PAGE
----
One of the common tropes among free-market types is the question of “Who will build the roads?” The question is so ubiquitous that it is generally used to mock those who do not agree with the ideas of limited government in general. Yet the answer to this question is one of the hardest for such people to answer. Unlike most areas of society, where government intervention has caused problems, the answer to the “infrastructure question” is far from easy.
There is no clear answer to the issue of infrastructure and transportation in general. Road infrastructure is generally paid for out of some combination of federal, state, and local general fund spending and, most important, federal and state taxes on gasoline. The later are both some of the best, and most popularly hated, taxes in the US government.
There is a reason federal gasoline taxes have not been raised in more than 20 years; popular backlash against them is both passionate and immediate. The problem is that gasoline taxes introduce something rarely seen in other aspects of government: user fees based on how much infrastructure one uses.
One of the most important goals of infrastructure and transportation policy should be to make the costs of infrastructure clear to those who use it, and to charge based on usage. Because gasoline taxes amount to a per-mile tax on travel, individuals pay (relatively) directly for the infrastructure they use.
However, the current system is still opaque. Not all gasoline taxes are used to fund roads, but are used for things like mass transit. Also, because the costs are not transparent and money is pulled from general tax revenues, drivers are systematically subsidized for the travel they undertake.
This results in ever more infrastructure spending, along with the related upkeep costs. Put simply, the current incentive system causes overspending on new road projects, while insulating the users of the roads from the costs.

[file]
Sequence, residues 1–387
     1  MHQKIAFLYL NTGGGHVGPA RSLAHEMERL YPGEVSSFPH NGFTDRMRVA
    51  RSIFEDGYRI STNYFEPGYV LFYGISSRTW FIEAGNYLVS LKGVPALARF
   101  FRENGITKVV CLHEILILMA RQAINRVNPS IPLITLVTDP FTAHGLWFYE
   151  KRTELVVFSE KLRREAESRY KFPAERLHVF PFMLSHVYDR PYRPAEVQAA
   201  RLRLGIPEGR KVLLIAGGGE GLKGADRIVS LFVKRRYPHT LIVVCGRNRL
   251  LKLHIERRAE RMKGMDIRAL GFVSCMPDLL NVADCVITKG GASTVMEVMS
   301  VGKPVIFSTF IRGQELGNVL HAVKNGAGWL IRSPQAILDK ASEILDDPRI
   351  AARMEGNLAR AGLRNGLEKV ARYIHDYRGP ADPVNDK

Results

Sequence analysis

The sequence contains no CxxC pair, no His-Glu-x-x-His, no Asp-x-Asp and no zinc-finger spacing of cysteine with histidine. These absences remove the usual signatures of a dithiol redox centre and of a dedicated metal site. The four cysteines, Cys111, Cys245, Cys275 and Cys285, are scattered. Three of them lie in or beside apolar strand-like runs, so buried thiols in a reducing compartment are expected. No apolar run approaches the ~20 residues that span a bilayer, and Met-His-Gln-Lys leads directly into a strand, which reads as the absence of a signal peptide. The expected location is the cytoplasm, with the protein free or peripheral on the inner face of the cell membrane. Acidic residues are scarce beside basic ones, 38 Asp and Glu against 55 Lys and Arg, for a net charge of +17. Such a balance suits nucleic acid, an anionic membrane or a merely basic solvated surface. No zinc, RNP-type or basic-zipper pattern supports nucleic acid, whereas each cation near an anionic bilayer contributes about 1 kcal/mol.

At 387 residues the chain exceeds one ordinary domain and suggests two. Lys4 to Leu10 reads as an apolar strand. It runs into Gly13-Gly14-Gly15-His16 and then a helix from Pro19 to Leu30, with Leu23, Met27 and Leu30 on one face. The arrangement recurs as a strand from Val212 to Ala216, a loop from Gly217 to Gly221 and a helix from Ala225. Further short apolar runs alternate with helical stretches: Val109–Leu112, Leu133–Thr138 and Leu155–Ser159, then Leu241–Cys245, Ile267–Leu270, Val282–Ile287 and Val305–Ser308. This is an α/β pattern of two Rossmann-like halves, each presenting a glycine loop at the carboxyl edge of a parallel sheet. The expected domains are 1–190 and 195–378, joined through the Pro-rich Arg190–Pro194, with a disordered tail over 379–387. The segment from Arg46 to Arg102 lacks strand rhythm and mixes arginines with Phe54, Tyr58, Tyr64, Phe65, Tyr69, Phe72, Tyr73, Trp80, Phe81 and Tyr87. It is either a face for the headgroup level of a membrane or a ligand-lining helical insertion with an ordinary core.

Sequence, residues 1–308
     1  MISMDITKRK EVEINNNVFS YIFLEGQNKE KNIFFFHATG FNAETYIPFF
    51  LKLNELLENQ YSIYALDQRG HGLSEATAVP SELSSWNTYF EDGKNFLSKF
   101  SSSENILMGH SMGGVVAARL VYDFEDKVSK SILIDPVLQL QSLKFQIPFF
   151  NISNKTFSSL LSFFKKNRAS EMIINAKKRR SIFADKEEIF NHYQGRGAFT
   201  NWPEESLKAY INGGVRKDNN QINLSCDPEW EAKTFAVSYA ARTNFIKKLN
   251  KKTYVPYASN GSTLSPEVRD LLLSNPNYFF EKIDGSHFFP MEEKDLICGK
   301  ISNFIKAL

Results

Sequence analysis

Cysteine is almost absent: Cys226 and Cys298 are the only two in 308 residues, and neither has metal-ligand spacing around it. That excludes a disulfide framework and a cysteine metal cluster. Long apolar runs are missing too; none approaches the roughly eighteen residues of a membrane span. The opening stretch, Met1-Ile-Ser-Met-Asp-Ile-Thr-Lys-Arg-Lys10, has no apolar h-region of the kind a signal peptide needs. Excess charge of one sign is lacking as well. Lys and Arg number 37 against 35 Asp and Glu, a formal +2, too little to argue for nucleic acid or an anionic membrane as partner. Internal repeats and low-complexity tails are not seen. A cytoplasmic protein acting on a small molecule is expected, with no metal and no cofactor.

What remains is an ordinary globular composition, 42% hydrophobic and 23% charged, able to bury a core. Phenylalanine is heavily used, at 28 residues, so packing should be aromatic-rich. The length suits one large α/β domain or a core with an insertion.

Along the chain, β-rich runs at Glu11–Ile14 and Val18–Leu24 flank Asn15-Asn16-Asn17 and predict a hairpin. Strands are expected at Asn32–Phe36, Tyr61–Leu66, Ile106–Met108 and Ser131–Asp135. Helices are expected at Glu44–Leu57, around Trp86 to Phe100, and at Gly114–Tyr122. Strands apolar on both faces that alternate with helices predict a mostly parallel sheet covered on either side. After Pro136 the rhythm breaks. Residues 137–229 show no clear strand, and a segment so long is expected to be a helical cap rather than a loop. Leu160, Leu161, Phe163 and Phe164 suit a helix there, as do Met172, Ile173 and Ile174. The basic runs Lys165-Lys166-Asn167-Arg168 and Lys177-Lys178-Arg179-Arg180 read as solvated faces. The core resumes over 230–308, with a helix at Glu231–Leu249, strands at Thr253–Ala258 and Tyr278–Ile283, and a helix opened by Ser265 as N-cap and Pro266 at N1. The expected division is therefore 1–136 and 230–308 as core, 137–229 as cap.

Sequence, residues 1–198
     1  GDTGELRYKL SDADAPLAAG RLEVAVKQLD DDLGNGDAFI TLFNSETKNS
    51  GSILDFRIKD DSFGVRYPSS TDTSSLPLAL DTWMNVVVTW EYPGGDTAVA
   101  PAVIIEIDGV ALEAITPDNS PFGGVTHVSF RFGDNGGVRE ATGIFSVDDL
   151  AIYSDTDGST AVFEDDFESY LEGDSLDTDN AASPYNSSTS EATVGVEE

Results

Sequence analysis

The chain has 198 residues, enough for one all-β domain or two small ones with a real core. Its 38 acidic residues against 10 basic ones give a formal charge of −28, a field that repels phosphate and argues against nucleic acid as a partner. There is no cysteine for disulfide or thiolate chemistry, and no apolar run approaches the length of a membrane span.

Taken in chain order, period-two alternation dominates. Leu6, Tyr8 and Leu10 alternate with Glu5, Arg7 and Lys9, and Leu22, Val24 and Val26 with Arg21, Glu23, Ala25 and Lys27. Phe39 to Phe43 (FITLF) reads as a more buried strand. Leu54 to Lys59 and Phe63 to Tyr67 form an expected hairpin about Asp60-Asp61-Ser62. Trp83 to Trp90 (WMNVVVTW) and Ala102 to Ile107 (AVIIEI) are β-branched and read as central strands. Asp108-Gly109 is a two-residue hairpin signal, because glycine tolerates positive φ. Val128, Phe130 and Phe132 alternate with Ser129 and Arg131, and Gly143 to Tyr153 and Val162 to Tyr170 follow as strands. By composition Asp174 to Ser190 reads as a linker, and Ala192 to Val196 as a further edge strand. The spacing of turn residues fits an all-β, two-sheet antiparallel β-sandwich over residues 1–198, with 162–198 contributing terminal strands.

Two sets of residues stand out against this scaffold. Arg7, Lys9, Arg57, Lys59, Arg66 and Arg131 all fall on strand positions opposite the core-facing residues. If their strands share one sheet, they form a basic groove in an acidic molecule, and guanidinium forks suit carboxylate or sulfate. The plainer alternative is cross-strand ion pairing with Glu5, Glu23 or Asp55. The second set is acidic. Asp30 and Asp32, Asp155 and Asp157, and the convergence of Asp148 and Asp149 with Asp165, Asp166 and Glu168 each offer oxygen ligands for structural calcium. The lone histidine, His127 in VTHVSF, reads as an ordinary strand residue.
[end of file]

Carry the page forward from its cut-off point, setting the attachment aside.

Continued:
It doesn’t have to be this way. While raising gasoline taxes would be one solution, there are other options as well. First, serious cost-benefit analysis could be applied to new road projects, while general funds for the current division of transportation could be removed. This keeps the decisions on what infrastructure to build where in the hands of those best suited to the task: engineers, not politicians.
Even better, the federal role could be devolved. A 2011 study published by the RAND corporation proposes that the federal government not support projects that only benefit small geographic regions, even if they pass cost-benefit analysis. The remaining projects should be left to the states to choose whether to fund them or not. While not direct user fees, devolution brings the costs closer to the users of infrastructure, as most driving is done close to one’s home, rather than across state lines.
Finally, one solution to lower the federal burden and move the costs to road users is simple innovation in infrastructure itself. There have been many recent advances in infrastructure and surface transportation technology in recent years, and the results are slowly coming to fruition. The advent of electronic tolling has made it easy to convert highway lanes to toll roads, placing the burden of paying for such infrastructure in the hands of road users. New High Occupancy Toll (HOT) lanes, such as those on the Virginia portion of the Capitol Beltway, also serve to relieve congestion for those willing to pay a premium.
All of these show that the solution to the “infrastructure problem” will come in a number of forms. The debate over this issue will return when the just-passed funding runs out some time next May. One hopes a long-term solution can be agreed on to move the funding for new infrastructure toward road users, and if not, to local governments that understand the costs of the projects they promise voters.
The answer to the question of “Who will build the roads?” isn’t a company, the federal, state, or local governments, or some other group. It might just be all of the above, paid for by those who travel them.